Let not your emotions possess you: Patience - the way to reach your goal | Sunday Observer

Let not your emotions possess you: Patience - the way to reach your goal

I still remember my first job, after graduating in Business Administration. I was given an opportunity by a leading trading company at that time to join them as a junior sales executive.

First, I had to go through a six-month intensive training program after which I was posted to a semi-urban showroom to work under the manager. With much confidence, I looked forward to a challenging career.

Unfortunately, my manager was a cautious traditionalist. He rigidly resisted all change, and disapproved of almost everything I suggested.

One day, after I had presented what I thought was quite a good sales plan for the showroom, my manager confronted me. “In this company,” he said coldly, “presentations are limited to 20 minutes. You ran two minutes over.”

I asked him. “But what should I do now?”

I managed to keep my temper until I got home. Then I blew up, shouting to myself that the company would have to choose between the manager and me.

The next day, accidentally I met my trainer. He listened calmly to my tirade. He smiled and said, “Well, you can have your showdown, but I can promise you, you’ll regret it.”

He paused, searching my face. “Success in life involves a combination of ingredients.

In your present problem, it seems to me you need that tough, challenging ingredient called patience. We were taught at school that patience is a virtue. It’s true and it’s time for you to try it.”

“Well, the first thing is, allow time to work for you, coolly, deliberately, in a dynamic strategy.

Study your manager; figure out why he acts as he does. See things from his viewpoint; perhaps you may gain new experience.

Let him know you appreciate him as an experienced professional. Then, when he has grown to trust you, as he will, begin to sell him your ideas. There’s enormous power in patience.”


I took his advice, and am still following it. My mentor was right. No matter what difficulty you face, the practice of creative patience is a proved road to solutions.

In day-to-day lives, we see sad examples of what happens when people fail to use this power in their lives. A Catholic priest once told me this story. “I remember a young doctor and his wife who once came to me for marital advice.

He was idealistic, deeply interested in laboratory research. She was materialistic, frustrated because her husband would not try harder to turn his talents into money. I tried to persuade them to experiment with patience, because I felt that given time the marriage could succeed.

But, the wife insisted on a divorce. Three years later, the doctor was picked by a USA Agency to direct a vast research program - and all the prestige and affluence that his former wife had wanted came showering down upon him. But, her inability or unwillingness to practice patience had deprived her of it.”

Three enemies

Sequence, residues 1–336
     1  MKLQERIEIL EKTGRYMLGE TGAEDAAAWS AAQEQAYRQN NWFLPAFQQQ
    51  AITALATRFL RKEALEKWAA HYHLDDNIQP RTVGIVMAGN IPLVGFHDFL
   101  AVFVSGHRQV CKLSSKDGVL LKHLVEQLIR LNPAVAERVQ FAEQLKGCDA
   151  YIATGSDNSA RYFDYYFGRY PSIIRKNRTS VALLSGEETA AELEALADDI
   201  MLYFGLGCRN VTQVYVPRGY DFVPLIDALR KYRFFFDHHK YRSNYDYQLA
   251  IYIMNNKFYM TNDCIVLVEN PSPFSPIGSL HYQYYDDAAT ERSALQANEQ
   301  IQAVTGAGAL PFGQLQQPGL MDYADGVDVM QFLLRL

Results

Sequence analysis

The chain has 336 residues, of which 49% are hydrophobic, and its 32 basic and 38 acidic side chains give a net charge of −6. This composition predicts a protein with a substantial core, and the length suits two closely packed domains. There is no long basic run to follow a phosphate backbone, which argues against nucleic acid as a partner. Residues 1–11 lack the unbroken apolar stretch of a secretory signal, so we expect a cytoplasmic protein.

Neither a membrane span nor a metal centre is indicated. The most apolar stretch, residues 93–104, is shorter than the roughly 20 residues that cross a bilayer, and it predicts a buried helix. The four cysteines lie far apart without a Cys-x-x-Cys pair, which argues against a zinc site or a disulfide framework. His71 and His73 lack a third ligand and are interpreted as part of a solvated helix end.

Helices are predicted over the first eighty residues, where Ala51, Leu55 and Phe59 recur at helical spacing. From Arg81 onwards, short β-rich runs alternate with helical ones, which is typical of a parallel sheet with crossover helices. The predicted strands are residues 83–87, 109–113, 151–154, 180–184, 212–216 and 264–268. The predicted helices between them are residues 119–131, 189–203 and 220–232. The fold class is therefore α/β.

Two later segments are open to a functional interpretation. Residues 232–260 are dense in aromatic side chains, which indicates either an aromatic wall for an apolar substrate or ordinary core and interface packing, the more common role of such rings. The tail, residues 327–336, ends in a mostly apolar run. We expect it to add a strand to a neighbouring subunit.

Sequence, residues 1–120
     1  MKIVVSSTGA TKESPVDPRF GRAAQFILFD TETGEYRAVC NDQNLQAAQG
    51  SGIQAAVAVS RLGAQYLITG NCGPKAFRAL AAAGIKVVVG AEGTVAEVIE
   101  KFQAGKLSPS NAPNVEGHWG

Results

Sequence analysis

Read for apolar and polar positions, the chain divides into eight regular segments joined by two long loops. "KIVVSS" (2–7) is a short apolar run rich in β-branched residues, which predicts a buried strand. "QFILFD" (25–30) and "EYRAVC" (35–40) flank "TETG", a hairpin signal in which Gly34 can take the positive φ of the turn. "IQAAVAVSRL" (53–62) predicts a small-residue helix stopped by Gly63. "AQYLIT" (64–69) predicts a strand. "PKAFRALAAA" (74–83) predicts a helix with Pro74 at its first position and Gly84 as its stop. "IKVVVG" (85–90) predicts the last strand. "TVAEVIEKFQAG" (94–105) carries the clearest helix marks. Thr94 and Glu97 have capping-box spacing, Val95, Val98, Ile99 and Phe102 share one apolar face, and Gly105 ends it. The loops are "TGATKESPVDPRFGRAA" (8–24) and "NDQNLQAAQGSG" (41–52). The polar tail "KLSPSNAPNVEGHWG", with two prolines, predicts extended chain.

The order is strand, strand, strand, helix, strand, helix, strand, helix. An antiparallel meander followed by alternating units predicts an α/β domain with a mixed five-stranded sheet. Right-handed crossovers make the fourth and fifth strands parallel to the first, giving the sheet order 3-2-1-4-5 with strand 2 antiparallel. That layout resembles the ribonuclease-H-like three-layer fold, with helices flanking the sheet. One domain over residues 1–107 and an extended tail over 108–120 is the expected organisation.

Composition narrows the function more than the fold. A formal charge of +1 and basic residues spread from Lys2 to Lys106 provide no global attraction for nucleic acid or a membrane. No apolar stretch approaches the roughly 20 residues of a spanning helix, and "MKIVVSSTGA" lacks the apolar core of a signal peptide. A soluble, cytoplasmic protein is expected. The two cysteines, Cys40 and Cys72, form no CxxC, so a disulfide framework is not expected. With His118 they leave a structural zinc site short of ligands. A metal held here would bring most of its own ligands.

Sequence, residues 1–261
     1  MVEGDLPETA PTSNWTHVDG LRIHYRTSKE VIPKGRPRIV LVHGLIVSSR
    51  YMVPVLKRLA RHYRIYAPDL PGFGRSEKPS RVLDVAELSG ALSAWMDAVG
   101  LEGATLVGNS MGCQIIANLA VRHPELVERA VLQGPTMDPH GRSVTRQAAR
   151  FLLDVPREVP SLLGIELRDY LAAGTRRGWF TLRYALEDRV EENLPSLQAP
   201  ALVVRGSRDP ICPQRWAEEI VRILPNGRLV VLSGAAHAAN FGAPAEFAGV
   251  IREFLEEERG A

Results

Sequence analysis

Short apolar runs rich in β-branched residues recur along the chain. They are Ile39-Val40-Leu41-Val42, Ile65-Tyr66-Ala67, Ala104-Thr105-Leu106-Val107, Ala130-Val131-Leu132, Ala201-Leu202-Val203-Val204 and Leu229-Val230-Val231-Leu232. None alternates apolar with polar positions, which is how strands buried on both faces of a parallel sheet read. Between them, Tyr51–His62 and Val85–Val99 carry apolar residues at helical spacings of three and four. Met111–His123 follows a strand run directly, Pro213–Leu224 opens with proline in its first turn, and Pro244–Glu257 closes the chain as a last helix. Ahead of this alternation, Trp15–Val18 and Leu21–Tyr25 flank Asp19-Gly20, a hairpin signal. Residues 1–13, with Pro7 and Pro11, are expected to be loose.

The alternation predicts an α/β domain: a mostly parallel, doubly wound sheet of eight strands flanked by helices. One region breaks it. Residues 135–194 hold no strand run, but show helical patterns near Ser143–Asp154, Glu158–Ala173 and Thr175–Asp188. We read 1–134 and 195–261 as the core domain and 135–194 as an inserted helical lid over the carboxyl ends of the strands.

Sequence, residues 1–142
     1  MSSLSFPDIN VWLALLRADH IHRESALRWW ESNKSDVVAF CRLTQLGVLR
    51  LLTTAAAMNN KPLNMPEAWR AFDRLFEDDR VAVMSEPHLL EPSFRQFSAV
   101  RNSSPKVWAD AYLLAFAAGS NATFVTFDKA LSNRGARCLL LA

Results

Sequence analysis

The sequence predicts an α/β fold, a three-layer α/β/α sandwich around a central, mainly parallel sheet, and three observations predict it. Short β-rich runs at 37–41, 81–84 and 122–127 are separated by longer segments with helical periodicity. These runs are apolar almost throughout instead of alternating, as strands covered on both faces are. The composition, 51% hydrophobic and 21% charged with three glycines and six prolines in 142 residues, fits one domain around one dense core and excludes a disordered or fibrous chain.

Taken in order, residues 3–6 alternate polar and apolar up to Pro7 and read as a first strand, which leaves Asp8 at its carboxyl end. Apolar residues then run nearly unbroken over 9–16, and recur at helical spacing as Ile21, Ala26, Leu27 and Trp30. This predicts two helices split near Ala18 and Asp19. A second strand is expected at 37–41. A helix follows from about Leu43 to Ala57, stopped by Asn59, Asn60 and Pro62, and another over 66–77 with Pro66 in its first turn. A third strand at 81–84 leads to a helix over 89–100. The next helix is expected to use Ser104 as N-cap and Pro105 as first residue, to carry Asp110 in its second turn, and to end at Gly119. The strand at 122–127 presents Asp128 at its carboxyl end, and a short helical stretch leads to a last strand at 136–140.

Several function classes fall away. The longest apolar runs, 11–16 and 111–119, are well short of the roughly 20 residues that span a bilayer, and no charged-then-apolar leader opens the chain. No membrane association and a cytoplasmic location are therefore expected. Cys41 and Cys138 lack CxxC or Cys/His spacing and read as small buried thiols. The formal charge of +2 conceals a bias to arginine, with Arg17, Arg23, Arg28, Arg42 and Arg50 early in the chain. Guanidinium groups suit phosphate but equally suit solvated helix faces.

Why can’t people make better use of patience in their lives? Mainly, I think, because it has three great enemies: discouragement, that people give up too easily; frustration, generating anger that clouds your judgment and the tendency to over-react under stress and lose your cool.

I know something about these three hobgoblins because I have seen many people susceptible to all of them. Consequently, I have searched hard for ways to neutralize them.

Here they are:

First, when hoped-for results don’t materialize despite your best efforts, and discouragement begins to creep in, recollect the philosopher who said, genius is nothing but an uncommon aptitude for patience. Remind yourself of Luther Burbank, who once estimated that he pulled a million cactus spines out of his fingers during the 16 years he spent developing an edible cactus for cattle.


Or Thomas Edison, who cheerfully told the sceptic who asked him how he could justify 1,000 unsuccessful experiments in a single project, “Why, now we know 1,000 ways it won’t work!” In short, try to focus not on setbacks but on the ultimate rewards of patient persistence.

Second, when you feel the fires of frustration begin to heat up your mind, think back to something Winston Churchill said during World War Il. “Sir,” growled the Prime Minister to an explosive, impatient general, “you do not possess your emotions. They possess you!”

Next time you’re driving somewhere in a hurry and are caught by a series of red lights, instead of running up your blood pressure, think – “What if someone behind my car is taking his critically sick child to hospital.”

Recently, I learned a valuable a crisis-lesson from a US Naval Magazine. This happened at a Naval Air Station in Florida.

The admiral in charge there, the officers said, was made of steel. Nothing rattled him. He had once been captain of a huge aircraft carrier. One day, as he was bringing his ship into harbour, a tanker had cut across his bow.

A collision seemed imminent. At that crucial moment, a junior officer rushed onto the bridge, crying, ‘Sir, there’s a fire on the hangar deck!”

Now, a fire on a carrier is the worst of all possible hazards. But, the captain, eyes fixed on the tanker, did not reply. “Fire on the hangar deck!” shouted the lieutenant even more wildly. The captain did not even glance at him. “I heard you the first time,” he said patiently, calmly. “Go and put it out!”

Later a reporter asked the admiral himself if the story was true. “Yes,” he said. ‘ ‘It did happen. And, inside I was probably more agitated than that young officer.

But, I forced myself to be patient, to deal with the primary problem avoiding the collision - first. I had learned a long time before, that if you act calm in a crisis, that calmness rubs off on those around you.”

Patience is worth acquiring. It is the key to happy and peaceful living.